Leader Dog Blog

Living with Retinitis Pigmentosa: When is it Time for a Cane?

I was diagnosed with Retinitis Pigmentosa (RP) in my twenties. RP is an eye disease that causes the retina to slowly deteriorate. The light sensing cells called rods and cones begin to die off and leave you with tunnel vision, blind spots, night blindness and an overall diminished ability to see. Early on, the visual changes were subtle and sometimes I was unaware when I lost more vision in my peripheral fields. By the time I was 30 yrs. old, I could no longer drive. This called for making adjustments to a new way of living life without wheels!

Among my biggest challenges as I lost more vision was the ability to move about safely. I started doing some very annoying things like walking into doors, missing curbs, and bumping into people while in public. Sometimes funny things happened, like once I asked a mannequin for help in a store. Another time, I got so lost and turned around in a large public bathroom that someone had to help me find the door out. Awkward, right?

Pet Fire Safety

While you might not think that pets have much to do with fire safety, an astonishing 1,000 fires are started by pets each year, with another half-million pets are affected by home fires.

As dog lovers, here are our top tips to help prevent fires and to be prepared in the event of a fire:

Macular Degeneration: A Family Affair

Client Gretchen Preston is pictured from the waist up, sitting and smiling with her arms around her black Labrador Leader Dog Floyd, who is in harness

I adored watching sunsets, scanning the sky for shooting stars and summer fireworks. Never did I consider these simple things would become only visual memories. In the fifth grade I began having problems with my vision. Two years earlier, my younger brother had been diagnosed with an inherited eye disease. The specialist told my parents to watch for signs of visual difficulties in their other three children. Both brother Chris and I were diagnosed with Stargardt disease. This rare inherited eye disease is a juvenile onset form of macular degeneration. Similar to age-related macular degeneration (AMD) in the resulting loss of central vision, they are two different diseases.

We could not read normal print, street signs or see the details of faces. We used magnifying machines, talking books and volunteer readers to help with homework. With the support of low vision professionals, visual aids and daily help from friends and family, my brother and I adjusted to having low vision.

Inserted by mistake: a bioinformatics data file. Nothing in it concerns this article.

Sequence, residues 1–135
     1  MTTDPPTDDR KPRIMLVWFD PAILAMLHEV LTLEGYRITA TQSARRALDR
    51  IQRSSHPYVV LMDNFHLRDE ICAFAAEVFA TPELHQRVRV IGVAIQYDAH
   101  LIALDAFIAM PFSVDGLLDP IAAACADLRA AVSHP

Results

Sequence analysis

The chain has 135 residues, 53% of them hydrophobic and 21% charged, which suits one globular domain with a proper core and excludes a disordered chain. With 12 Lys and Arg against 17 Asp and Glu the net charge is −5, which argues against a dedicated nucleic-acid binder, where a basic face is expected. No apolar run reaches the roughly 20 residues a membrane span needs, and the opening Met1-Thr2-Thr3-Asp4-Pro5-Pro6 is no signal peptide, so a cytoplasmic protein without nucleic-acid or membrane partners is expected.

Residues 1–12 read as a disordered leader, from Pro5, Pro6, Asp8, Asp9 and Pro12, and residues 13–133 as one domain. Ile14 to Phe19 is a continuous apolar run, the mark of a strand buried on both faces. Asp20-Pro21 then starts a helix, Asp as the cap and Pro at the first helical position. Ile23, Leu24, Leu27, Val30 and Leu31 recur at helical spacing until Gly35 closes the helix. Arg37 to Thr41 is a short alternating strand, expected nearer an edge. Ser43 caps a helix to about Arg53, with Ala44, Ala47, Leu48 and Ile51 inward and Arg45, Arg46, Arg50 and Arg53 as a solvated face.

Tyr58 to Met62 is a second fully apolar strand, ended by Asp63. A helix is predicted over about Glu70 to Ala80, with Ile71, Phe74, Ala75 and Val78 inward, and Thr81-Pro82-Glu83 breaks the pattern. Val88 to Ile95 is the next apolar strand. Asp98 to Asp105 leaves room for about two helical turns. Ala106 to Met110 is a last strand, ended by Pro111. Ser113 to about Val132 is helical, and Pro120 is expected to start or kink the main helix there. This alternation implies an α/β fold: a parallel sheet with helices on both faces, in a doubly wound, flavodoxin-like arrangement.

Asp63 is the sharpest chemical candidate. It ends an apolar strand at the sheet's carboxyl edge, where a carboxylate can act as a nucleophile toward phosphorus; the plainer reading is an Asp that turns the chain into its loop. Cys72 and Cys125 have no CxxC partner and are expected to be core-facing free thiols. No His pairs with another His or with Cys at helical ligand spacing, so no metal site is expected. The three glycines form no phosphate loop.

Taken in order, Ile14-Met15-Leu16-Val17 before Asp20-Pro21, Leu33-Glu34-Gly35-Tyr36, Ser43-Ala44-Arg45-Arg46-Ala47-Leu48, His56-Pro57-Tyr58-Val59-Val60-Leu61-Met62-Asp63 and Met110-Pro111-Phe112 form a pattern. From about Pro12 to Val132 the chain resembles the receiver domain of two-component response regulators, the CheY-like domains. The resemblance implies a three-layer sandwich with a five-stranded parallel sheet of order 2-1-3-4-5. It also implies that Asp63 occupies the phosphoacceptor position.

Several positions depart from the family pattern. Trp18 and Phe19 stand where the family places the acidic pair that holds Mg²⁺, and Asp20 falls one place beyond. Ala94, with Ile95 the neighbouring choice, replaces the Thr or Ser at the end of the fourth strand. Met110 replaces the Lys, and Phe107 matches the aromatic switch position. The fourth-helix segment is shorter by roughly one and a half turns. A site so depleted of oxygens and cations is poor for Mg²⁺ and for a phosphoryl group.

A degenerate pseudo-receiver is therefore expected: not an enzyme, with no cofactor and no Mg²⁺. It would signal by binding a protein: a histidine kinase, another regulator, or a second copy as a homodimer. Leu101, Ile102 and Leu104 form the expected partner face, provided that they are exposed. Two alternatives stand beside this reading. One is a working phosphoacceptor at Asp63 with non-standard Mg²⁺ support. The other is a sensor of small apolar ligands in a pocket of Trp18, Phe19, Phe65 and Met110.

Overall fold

Tips for Traveling with Your Furry Best Friend

Client Jeff Hawkins and Leader Dog Gracie, in harness, stand in front of a billboard with text in French. The billboard shows a woman walking with her black lab guide dog in harness

Gracie and I have traveled to France, Italy, Toronto, Chicago, Wyoming, Colorado and annually to Florida over the last several years. We’ve been together through a lot.

But Gracie isn’t a human traveling companion – she’s my Leader Dog! As a Leader Dogs for the Blind client I’m forever grateful that Gracie has allowed me to be mobile and adventurous – the opportunities are endless.

Each trip is a little different but my packing checklist rarely changes. I thought I’d share some packing tips, whether you’re a Leader Dog client or not, if you’re considering bringing your dog along to your next trip.

Partner Spotlight: Chief Financial Credit Union

Leader Dog Rewards Visa card

Leader Dog Rewards Visa card

As the saying goes, it takes a village, and it certainly takes a village to make the work that we do here at Leader Dogs for the Blind possible. An important community within the village is our corporate partners, and one of these valued partners is Chief Financial Credit Union. Chief Financial moved into the Rochester Hills community in 2015 and has supported us from the very beginning—even stepping up to be the very first official credit union of Leader Dog.

When I approached Chief Financial about being the presenting sponsor of our inaugural Bark & Brew event, they immediately agreed. Their contributions were crucial in the event’s success (we had over 2,000 attendees!).